Astronomers have used data from NASA’s Hubble Space Telescope and the Chandra X-ray Observatory to find that dark matter interacts with itself less than previously thought. In an effort to learn more about dark matter, astronomers observed how galaxy clusters collide with each other -- an event that could hold clues about the mysterious invisible matter that makes up most of the mass of the universe.

As part of a new study, published in the journal Science on Thursday, researchers used the Hubble telescope to map the distribution of stars and dark matter after a collision. They also used the Chandra observatory to detect the X-ray emission from colliding gas clouds.

“Dark matter is an enigma we have long sought to unravel,” John Grunsfeld, assistant administrator of NASA’s Science Mission Directorate in Washington, said in a statement. “With the combined capabilities of these great observatories, both in extended mission, we are ever closer to understanding this cosmic phenomenon.”

Galaxyclusters-darkmatter Here are images of six different galaxy clusters taken with NASA's Hubble Space Telescope (blue) and Chandra X-ray Observatory (pink) in a study of how dark matter in clusters of galaxies behaves when the clusters collide. A total of 72 large cluster collisions were studied. Photo: NASA and ESA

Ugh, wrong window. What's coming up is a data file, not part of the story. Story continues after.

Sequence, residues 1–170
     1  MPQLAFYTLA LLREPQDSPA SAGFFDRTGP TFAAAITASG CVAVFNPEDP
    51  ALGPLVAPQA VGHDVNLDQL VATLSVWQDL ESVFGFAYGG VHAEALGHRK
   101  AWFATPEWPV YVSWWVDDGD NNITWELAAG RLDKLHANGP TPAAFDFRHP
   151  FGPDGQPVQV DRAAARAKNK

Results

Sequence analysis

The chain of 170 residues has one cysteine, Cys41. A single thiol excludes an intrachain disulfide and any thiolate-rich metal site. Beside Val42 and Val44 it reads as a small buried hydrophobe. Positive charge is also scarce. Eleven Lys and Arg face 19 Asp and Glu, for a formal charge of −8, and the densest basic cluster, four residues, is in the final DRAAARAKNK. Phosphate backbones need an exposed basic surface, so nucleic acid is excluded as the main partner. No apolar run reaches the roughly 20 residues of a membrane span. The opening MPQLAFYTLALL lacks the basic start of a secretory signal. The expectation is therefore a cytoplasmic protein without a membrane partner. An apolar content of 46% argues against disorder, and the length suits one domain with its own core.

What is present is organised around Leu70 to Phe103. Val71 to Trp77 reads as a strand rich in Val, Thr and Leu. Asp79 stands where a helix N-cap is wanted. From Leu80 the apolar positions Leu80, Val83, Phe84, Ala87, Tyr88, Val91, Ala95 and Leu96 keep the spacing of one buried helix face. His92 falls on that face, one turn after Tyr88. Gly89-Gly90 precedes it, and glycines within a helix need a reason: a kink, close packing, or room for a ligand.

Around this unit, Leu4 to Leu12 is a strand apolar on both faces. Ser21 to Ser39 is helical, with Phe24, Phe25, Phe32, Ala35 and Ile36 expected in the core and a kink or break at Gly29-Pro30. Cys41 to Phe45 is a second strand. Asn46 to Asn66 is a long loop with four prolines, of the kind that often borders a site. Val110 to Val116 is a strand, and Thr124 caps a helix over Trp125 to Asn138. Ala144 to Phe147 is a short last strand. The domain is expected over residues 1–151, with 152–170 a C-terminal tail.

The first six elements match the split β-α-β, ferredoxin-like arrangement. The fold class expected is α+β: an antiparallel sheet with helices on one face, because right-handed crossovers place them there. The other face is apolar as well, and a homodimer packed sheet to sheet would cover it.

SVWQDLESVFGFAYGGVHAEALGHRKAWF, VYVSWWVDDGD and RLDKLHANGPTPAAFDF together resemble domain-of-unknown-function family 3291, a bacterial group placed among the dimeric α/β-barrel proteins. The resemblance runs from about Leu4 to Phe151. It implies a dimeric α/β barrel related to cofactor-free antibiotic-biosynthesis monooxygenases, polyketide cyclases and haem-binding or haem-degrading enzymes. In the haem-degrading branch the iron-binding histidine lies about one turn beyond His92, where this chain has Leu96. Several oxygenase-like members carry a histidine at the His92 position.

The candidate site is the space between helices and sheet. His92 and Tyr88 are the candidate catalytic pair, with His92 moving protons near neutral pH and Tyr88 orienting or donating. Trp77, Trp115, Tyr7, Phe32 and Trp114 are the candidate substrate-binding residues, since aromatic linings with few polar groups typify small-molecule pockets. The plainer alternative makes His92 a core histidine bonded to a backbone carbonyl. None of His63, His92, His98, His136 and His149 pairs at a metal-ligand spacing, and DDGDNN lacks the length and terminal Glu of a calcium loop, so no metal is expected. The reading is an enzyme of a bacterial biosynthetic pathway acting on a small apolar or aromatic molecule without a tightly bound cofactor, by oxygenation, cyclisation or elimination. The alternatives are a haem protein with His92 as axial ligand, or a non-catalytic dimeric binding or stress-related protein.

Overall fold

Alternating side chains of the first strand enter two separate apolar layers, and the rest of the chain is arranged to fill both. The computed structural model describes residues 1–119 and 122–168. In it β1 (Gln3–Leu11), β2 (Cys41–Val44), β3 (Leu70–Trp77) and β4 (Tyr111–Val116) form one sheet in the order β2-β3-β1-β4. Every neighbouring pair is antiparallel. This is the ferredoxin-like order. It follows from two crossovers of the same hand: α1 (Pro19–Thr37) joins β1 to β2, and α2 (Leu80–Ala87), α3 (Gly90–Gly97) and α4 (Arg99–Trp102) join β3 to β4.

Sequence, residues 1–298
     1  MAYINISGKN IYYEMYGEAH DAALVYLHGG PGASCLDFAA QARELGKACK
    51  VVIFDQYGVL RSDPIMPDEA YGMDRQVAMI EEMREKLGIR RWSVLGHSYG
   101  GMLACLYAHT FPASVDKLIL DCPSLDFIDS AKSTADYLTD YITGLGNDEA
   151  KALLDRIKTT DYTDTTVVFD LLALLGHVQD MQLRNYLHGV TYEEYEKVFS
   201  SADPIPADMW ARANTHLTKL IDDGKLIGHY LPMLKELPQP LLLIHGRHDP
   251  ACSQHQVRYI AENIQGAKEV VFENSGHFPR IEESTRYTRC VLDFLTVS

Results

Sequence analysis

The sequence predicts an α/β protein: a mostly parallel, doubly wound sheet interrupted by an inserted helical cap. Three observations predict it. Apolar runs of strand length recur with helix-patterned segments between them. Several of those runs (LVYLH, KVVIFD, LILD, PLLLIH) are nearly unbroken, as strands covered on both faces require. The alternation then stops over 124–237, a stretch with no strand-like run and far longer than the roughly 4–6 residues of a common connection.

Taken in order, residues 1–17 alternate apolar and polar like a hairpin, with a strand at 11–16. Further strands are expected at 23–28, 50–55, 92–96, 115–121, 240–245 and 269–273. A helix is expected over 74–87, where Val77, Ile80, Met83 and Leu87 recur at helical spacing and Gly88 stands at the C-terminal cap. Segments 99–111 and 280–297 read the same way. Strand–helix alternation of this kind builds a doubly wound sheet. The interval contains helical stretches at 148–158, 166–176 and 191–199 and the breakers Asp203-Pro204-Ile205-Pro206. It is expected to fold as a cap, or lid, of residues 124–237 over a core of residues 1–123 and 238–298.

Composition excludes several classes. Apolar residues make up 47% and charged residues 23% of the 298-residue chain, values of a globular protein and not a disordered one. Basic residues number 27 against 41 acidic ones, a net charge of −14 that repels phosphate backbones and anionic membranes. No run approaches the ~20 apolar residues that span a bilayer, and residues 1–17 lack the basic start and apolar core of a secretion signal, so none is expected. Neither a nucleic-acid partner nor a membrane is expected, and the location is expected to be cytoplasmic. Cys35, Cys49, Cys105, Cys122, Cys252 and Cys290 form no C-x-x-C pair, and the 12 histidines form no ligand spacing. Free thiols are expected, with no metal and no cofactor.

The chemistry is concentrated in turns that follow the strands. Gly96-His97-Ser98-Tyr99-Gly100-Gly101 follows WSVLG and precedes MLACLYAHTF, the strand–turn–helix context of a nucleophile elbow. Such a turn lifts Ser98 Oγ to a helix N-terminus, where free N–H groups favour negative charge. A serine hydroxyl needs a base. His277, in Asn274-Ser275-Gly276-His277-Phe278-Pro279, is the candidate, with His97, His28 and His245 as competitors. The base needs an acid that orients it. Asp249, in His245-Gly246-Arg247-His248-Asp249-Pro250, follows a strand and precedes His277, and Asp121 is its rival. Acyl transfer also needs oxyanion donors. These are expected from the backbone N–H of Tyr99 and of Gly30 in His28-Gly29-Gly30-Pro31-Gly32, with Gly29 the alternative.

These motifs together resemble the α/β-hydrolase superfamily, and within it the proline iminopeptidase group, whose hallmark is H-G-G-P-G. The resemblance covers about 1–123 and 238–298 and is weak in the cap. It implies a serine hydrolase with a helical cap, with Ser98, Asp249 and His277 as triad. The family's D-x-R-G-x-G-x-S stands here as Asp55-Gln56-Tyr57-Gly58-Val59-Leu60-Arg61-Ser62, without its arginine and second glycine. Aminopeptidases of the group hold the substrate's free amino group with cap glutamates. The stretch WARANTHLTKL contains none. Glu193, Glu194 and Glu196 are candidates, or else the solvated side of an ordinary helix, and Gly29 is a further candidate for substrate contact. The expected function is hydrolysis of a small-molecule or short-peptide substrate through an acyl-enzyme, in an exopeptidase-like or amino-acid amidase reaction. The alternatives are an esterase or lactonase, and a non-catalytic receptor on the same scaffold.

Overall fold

According to scientists, galaxy clusters are made of three main components -- galaxies, gas clouds and dark matter. During collisions, the gas clouds bump into each other and gradually slow down. Galaxies, on the other hand, are much less affected by this process, and because of the huge gaps between the stars within them, galaxies do not slow each other down.

“We know how gas and stars react to these cosmic crashes and where they emerge from the wreckage,” David Harvey of the École Polytechnique Fédérale de Lausanne in Switzerland, and the study’s lead author, said in the statement. “Comparing how dark matter behaves can help us to narrow down what it actually is.”

The researchers studied 72 large galaxy cluster collisions and found that, like galaxies, the dark matter continued straight through the collisions without slowing down much, meaning that dark matter do not interact with visible particles.

“There are still several viable candidates for dark matter, so the game is not over. But we are getting nearer to an answer,” Harvey said.